Microsoft may be turning Kumo, the expected new name for Live Search, into a brand of software.
The software giant filled a trademark application for the name on December 4. The application is to trademark a host of software and services beyond a search engine, including advertising and telecommunications services, education, training, entertainment and the design and development of computer hardware and services.
According to Whois.Net, Microsoft has registered the kumo.com domain, and through CSC, a company that manages domain names for corporations, also has registered related domains that indicate the Kumo name could be used for other services. Those domains include: www.kumosearch.com, www.kumopics.com, www.kumowiki.com, www.kumogroups.com and www.kumotravel.com.
Kumo is a Japanese word that can be used to mean 'cloud', 'ceiling' or 'sea spider' among other things, according to an online Japanese-to-English translation service.
The trademark application and various domain registrations could mean Microsoft plans to drop the Windows Live and Live Search brands, which are fairly new in and of themselves. Microsoft only gave its online services the 'Windows Live' moniker at the end of 2005, later dropping 'Windows' for its search engine but keeping it for other services and web-based client applications.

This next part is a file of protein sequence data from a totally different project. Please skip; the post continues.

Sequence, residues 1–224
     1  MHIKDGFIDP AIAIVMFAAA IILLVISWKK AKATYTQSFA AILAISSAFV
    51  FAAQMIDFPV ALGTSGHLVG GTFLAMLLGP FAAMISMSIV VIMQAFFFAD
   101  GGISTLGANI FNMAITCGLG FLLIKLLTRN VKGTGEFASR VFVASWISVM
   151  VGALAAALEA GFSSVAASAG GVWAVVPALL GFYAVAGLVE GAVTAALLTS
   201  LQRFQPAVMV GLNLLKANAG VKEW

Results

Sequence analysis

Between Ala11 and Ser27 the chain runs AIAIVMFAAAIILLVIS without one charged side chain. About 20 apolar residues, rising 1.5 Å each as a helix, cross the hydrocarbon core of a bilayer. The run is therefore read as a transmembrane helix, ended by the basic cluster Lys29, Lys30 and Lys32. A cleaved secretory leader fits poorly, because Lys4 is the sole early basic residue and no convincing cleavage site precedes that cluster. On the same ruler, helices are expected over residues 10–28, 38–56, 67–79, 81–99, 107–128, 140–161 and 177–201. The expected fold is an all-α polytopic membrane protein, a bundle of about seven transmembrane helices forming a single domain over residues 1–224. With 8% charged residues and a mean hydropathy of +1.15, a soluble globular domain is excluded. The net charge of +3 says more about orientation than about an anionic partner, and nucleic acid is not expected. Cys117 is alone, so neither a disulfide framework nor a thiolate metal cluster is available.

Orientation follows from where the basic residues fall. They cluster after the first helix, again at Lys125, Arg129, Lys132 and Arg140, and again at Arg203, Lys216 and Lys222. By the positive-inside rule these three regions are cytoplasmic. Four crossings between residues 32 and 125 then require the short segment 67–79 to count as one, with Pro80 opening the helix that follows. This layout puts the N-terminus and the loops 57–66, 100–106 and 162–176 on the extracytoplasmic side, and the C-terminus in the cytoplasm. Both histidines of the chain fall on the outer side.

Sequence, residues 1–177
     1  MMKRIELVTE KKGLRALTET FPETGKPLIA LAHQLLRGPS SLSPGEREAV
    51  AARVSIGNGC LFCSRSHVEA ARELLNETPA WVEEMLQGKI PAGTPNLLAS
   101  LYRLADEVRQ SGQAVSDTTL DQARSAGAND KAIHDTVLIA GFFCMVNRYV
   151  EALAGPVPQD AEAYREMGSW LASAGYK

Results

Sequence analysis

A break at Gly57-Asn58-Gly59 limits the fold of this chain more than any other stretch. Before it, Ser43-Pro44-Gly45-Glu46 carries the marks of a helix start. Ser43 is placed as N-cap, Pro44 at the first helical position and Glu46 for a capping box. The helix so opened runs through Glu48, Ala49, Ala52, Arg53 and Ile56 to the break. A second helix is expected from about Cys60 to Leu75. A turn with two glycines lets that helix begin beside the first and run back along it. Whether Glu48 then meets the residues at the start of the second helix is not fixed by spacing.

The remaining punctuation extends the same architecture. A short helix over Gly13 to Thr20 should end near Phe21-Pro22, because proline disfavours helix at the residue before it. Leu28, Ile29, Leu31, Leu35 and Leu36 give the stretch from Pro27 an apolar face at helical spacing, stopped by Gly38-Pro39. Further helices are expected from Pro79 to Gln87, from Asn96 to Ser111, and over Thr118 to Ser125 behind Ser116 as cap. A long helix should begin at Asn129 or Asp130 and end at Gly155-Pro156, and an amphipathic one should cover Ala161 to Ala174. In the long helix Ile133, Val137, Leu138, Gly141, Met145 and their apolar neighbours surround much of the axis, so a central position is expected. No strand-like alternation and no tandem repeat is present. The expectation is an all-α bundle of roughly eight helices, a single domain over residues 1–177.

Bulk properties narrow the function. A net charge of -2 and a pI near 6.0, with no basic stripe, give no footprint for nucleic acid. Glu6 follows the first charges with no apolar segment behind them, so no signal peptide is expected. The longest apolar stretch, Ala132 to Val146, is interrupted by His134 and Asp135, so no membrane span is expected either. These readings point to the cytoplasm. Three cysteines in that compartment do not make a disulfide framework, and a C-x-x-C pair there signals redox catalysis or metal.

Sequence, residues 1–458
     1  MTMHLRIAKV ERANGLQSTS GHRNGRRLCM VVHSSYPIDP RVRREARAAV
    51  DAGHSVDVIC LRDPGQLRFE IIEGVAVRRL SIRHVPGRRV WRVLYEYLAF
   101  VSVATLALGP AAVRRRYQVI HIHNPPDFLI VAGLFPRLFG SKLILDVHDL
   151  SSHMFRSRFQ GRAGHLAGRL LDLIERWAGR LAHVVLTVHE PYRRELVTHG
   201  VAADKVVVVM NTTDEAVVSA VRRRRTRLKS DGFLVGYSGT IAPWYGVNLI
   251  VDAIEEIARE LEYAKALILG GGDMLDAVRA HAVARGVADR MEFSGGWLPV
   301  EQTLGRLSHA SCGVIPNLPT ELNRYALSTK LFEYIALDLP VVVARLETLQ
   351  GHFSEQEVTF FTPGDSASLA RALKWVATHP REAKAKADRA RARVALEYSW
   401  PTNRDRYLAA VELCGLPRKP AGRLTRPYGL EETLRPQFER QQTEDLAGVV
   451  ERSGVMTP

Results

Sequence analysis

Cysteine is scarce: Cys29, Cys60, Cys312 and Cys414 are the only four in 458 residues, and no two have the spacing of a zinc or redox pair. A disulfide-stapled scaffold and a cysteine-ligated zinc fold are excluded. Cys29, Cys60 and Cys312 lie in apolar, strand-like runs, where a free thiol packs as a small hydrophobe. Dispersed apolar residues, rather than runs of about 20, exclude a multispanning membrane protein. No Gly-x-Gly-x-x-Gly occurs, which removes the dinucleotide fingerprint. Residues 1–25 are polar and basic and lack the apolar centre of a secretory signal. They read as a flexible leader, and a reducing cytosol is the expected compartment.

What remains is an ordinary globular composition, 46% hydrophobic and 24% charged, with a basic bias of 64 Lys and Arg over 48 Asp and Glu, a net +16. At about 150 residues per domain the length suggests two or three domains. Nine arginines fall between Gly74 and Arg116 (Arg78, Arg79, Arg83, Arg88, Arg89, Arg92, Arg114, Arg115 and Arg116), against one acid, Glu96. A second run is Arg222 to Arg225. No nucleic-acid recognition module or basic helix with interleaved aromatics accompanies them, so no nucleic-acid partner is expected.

However, Matt Rosoff, analyst with Directions on Microsoft, said that it is unlikely Microsoft would drop the Windows Live brand entirely, since the Windows Live-branded services and client applications, such as Windows Live Messenger and Windows Live Hotmail, are part of the Windows client group at the company.
"It would be weird to me that they would rename everything," he said. "They're probably going to keep the Windows Live brand around and make it specifically for things that Microsoft think can improve Windows or take Windows-like functionality online - those thick clients that connect to services."
Still, for its search engine, Kumo makes sense, Rosoff said. And while another name change might be confusing to some who already are aware of Microsoft's search engine, it actually might help the company because the bulk of average web users still don't even know about Microsoft Live Search, he said.
"Search has had a lot of branding problems - that's one reason people aren't even aware Microsoft has a search engine, and if they are they're not aware of where to find it," Rosoff said. Renaming it yet again "won't hurt them and maybe help them," he said.
Microsoft confirmed through its PR agency that it has trademarked the Kumo name, but would not disclose anything further about its plans to use it.